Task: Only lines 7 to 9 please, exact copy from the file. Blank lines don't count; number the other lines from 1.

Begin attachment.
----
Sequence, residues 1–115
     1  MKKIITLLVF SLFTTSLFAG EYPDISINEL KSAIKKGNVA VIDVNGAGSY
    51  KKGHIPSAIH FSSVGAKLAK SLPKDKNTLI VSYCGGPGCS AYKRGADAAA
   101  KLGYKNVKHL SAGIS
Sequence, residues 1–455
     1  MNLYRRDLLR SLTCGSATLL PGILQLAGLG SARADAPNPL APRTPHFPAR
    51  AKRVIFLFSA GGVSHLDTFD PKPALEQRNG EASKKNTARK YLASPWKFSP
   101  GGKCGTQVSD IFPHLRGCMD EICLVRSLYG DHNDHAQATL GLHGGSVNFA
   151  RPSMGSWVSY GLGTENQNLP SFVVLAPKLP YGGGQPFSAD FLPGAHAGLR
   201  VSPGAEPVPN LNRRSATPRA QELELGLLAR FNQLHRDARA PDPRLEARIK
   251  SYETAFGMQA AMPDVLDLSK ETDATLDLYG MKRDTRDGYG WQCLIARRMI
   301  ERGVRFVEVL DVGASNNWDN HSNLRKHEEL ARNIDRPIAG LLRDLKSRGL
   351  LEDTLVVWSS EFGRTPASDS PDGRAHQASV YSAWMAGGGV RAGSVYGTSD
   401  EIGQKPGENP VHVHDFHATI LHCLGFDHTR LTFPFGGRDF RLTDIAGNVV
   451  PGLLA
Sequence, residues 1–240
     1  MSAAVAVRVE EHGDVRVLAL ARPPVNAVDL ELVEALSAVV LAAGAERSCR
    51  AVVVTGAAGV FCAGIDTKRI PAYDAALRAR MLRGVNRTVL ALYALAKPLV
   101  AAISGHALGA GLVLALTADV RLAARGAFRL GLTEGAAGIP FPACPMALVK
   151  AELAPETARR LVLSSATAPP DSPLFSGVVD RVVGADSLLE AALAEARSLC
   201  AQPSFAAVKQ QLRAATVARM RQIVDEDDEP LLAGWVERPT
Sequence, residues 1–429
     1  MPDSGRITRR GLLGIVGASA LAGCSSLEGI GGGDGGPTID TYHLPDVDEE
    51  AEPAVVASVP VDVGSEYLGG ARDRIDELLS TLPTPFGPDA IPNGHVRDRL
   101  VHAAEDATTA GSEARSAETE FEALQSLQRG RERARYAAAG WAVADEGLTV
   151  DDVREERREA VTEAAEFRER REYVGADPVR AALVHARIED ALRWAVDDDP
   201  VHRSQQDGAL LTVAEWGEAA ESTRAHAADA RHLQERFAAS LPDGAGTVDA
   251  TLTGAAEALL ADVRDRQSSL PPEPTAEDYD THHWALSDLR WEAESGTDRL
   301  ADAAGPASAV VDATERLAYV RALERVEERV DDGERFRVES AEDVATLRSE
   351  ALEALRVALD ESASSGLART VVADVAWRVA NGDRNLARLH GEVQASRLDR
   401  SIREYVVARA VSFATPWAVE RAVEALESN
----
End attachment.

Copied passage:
    51  AKRVIFLFSA GGVSHLDTFD PKPALEQRNG EASKKNTARK YLASPWKFSP
   101  GGKCGTQVSD IFPHLRGCMD EICLVRSLYG DHNDHAQATL GLHGGSVNFA
   151  RPSMGSWVSY GLGTENQNLP SFVVLAPKLP YGGGQPFSAD FLPGAHAGLR